An embattled blood-testing innovator struggles for a reboot. Theranos, the Silicon Valley company that once promised a health revolution, is beating a full retreat from the consumer blood-testing business on which it built its name (The Wall Street Journal). In an open letter, founder Elizabeth Holmes announced that from now on Theranos will shut down its partnership with Walgreens, shed 40 percent of its workforce (about 340 jobs), and concentrate on producing testing equipment to sell to doctors and healthcare facilities. The retrenchment follows Wall Street Journal stories earlier this year that raised troubling questions about inflated claims Theranos had made for its blood tests,and the company’s forthrightness with investors and the public. All along, the lesson from the Theranos affair has been that you can’t build public trust on a foundation of obsessive secrecy. Yet Holmes’ terse, opaque letter suggests that little at Theranos has changed on this front. Sure, she’s treading a legal minefield. But she offers the world no reason to give Theranos a second chance; she doesn’t even acknowledge the problem.
MailChimp is the anti-startup startup. It’s in Atlanta, not the Bay Area. It didn’t load up on venture-capital money early in its life. It grew slowly, and says it has always been profitable. That means that MailChimp, the popular email-list management tool, is still wholly owned by its two co-founders, even as it’s become a company with 550 employees and a projected $400 million in revenue for 2016. (We use it here at NewCo.) Profiling MailChimp in The New York Times, Farhad Manjoo argues that this model deserves more glory than it gets, and might be eminently more sensible for many startups than the VC-backed model, particularly for the kind of small business that makes up MailChimp’s customer base. MailChimp is not immune to funky conference-room names or crazy decor (like a boardroom decorated with skate boards), but in most substantial ways it bucks every Silicon Valley trend yet seems to stay true to the core of the startup ethos — focusing on a mission and serving customers.
The tragedy of Theranos. As the media’s attention today turns to the latest iPhone unveiling, here’s a morality tale that suggests the perils in over-imitating Apple. A Wall Street Journal investigation was the proximate cause of the downfall of med-tech startup Theranos, which once promised to revolutionize the blood testing business. But a new look at the story of the company’s implosion (Vanity Fair) suggests that Theranos founder Elizabeth Holmes built the firm on sand from the very start by choosing a path of secrecy rather than transparency. Holmes’ emulation of Steve Jobs extended to more than the superficial shared preference for black turtlenecks; like Jobs, she applied control-freak tactics to prevent rivals, neutral third parties, and even Theranos employees themselves from obtaining information about the company’s products. That meant that, when the Journal finally raised questions about its work, Theranos had no defenders. If Theranos was as bogus as it now appears, maybe there was never much to defend. Either way, the lesson for the rest of us couldn’t be clearer: Don’t trust anyone’s revolution unless the data is shared, the science is reviewed, and the conversation is open.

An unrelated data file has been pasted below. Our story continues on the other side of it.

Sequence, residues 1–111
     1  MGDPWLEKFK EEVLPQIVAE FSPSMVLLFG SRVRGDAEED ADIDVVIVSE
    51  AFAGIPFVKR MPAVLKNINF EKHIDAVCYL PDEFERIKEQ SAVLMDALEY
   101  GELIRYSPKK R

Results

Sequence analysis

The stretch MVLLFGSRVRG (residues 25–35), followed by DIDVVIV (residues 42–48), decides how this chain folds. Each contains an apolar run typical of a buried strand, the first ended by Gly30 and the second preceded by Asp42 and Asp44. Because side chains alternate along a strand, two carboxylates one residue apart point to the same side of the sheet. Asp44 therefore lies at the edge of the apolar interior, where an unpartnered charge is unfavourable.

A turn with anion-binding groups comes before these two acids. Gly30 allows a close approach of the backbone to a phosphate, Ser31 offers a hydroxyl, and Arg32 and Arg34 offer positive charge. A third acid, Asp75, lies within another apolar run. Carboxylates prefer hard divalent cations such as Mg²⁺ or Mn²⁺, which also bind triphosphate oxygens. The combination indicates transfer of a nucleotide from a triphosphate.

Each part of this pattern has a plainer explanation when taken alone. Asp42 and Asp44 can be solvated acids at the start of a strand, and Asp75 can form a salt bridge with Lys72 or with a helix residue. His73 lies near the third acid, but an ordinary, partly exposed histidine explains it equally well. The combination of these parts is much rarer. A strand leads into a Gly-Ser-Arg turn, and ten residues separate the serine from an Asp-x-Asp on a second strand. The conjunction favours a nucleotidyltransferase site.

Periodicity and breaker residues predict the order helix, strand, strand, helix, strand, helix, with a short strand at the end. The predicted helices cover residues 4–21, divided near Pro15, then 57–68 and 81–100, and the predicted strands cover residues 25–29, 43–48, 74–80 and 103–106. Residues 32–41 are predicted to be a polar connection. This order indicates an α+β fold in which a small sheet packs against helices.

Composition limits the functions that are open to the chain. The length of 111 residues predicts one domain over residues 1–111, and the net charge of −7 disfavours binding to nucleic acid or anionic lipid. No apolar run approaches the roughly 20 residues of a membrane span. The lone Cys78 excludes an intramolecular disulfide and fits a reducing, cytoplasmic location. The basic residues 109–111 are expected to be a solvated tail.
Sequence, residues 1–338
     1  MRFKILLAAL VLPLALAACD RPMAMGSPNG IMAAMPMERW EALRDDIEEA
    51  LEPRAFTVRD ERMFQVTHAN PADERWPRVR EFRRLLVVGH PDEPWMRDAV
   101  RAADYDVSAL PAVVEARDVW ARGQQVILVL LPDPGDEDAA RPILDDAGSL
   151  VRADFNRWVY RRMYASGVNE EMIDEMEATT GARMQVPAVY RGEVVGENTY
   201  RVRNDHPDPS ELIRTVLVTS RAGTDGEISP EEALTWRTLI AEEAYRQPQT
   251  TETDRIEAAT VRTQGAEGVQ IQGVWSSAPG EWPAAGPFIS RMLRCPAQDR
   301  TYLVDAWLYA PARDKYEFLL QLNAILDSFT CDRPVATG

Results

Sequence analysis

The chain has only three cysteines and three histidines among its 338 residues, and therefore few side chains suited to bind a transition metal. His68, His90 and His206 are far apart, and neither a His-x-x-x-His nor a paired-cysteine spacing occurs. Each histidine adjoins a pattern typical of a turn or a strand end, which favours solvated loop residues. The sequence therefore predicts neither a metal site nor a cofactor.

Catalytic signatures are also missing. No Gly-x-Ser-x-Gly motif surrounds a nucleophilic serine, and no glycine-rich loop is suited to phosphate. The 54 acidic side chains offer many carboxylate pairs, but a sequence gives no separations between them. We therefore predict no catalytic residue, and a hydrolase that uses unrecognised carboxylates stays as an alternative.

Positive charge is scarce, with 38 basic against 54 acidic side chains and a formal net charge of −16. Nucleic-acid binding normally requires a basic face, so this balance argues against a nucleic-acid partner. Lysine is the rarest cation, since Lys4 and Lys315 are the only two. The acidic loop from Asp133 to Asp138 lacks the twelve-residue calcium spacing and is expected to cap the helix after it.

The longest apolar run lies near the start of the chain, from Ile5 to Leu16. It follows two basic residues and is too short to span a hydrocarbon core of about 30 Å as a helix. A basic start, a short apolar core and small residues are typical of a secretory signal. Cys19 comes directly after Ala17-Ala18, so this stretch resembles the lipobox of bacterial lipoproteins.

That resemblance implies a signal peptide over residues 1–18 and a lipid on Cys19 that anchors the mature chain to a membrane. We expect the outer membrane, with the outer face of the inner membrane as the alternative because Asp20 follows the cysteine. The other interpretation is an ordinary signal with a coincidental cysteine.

The Clinton campaign’s strength in numbers. If this year’s two presidential campaigns were startups, Trump’s would be the one that prefers winging it to wonking out. Clinton’s, meanwhile, would be the one that lives and dies by data. A profile of her campaign’s director of analytics, Elan Kriegel (Politico), shows how thoroughly statistics drive the Democratic candidate’s efforts — the timing of email campaigns, the houses that on-the-ground volunteers visit, the targeting of postal mailers and online advertising and TV campaigns. Trump famously scorns deep-diving into data, while Clinton has organized her entire effort around a “culture of testing.” In a few weeks we’ll know which candidate bet right. (If you’re betting against data smarts, though, hope you’re wealthy enough to take the loss.)
Today’s Top Stories — Theranos Tries To Take It All Back — Douglas Rushkoff on How Growth Became the Enemy of Prosperity — Danny Hillis on How to Think Long Term (And Still Stay in Business) — Holacracy as a Service — The Do’s and Don’ts of M&As
Theranos Tries To Take It All Back Recent days have seen a number of tough-minded analyses of the problems afflicting troubled medical device maker Theranos, ranging from FiveThirtyEight’s contention that new blood tests aren’t the answer to a post from the former chief scientist of Express Scripts arguing that Theranos’ rise is a symptom of our thinking the wrong way about disease. But last night came the shocker: a Wall Street Journal scoop that the company is voiding two years of its test results in an attempt to avoid threatened regulatory sanctions. This follows an executive reshuffle and a series of “broad corrective actions.” The sharp pivot to transparency is certainly welcome from a company that works with such critical data, but this change of strategy likely comes too late to make a difference for regulators, partners, and customers, all of whom feel burned.